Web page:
Ice wine is a dessert wine – a sweet wine, as the majority of dessert wines are – made from grapes frozen on their vine in their natural environment.
Ice wines are difficult to make as the grapes require precise cooperation from the weather immediately following the harvesting season for other wine grapes. Therefore, most successfully made Ice Wines will be made in regions of such places like Germany and Canada where temperatures are more likely to cooperate when wine makers need them to do so.
Grapes used to make Ice Wine are those grapes left on their vine after the harvest and allowed to continue to ripen. During that post-harvest time wine makers are hoping and praying for a freeze, after which, the grapes are quickly harvested and manufactured into wine like any other wine. As the grape freezes on a vine, its water freezes but the sugars don’t freeze, allowing a more concentrated grape “must” to be pressed from the frozen grapes, resulting in a smaller amount of more concentrated, very sweet wine. When the grape’s water freezes, the “meat” of the grape dehydrates, causing the sugars to concentrate and the fruit flavors to become stronger. The complex structure of Ice Wine grapes give this wine a refreshing sweet flavor that is balanced or offsetby high acidity.
Naturally madeIce wines need a thorough freeze (for Canada by lawat least −8°C (or 17 °F)and for Germany at least −7 °C (or 19 °F), to occur after the wine grapes ripen, which means the grapes could remain on their vine several months after the normal harvesting season. If the freeze doesn’t come quickly, the grapes coulddevelop noble rot and a winemaker will lose the crop. If a freezing is too harsh, juice cannot be extracted from the grape. (In fact, it is said that the Vineland Winery of Ontario broke a pneumatic press while pressing frozen grapes that were frozen too hard at a temperature that was about −20 °C).And the longerripened grapes stay on their vine, the more is lost to dropped fruit and wild animals. Because the grape has to be pressed when still frozen, grape pickers work at the dark of night or early morning, harvesting grapes in a few short hours, while other cellar workers work within unheated and icy areas to produce the Ice Wine.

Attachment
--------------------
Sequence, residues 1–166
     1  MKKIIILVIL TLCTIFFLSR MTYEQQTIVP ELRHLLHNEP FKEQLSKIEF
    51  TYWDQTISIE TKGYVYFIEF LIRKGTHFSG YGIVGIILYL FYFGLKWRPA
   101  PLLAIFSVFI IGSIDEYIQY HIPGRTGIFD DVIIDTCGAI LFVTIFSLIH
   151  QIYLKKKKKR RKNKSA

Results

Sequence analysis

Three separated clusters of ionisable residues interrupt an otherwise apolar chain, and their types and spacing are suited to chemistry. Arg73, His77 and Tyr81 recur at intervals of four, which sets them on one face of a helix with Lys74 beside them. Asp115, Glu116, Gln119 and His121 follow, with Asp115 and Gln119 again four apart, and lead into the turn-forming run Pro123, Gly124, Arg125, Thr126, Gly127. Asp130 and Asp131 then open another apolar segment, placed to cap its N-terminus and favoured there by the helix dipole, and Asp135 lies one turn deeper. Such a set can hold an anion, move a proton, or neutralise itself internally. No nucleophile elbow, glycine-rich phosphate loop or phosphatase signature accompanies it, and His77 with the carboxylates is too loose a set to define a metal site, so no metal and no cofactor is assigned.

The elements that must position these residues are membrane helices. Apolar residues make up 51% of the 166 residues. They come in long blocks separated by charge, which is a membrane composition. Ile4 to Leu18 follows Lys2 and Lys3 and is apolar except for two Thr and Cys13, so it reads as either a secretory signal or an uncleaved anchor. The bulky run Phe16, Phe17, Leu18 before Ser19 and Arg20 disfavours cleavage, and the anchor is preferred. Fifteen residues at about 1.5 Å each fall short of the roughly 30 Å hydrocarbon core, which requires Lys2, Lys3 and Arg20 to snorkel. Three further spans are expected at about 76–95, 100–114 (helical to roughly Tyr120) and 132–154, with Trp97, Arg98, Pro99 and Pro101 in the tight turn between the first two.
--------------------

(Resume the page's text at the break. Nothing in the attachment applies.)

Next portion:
Ice wines were first made in Germany (called Eiswein in German) in the late 1700’s. Since that time there have been many innovations made in the Ice Wine industry, such as artificially freezing the grapes, but authentic Ice Wine is made from naturally frozenvine grapes. Because of the unpredictability of Ice Wine crops due to the weather and the real possibility that the grapes could rot before they freeze causing lower yields of healthy grapes, along with the labor-intensiveproduction process, Ice Wineswill beconsiderably more steeply priced than your average table wine. As a result, Ice Winewillbe most often found in a half-bottle (375-ml) anda smaller 200-ml bottle. Wineries sometimes package 200 ml or 50 ml-bottles in gift packages.
Ice Wine Production Regions
Germany and Canada are the world’s largest producers of Ice Wines, with Canada being the largest producer. Around 75 percent of Ice Wine made in Canada is from Ontario.In much smaller quantities it is also made in made in the United States, Sweden, Slovenia, New Zealand, Luxembourg, Italy, Israel, Hungary, Chine, France, Czech Republic, Croatia, Austria and Australia.Germany’s Eiswein vintages have become rarer than what was produced there in the 1980’s and 1990’s. Wine makers cite climate change as the reason for the decrease in production. But Canadian Icewines are booming stronger than ever.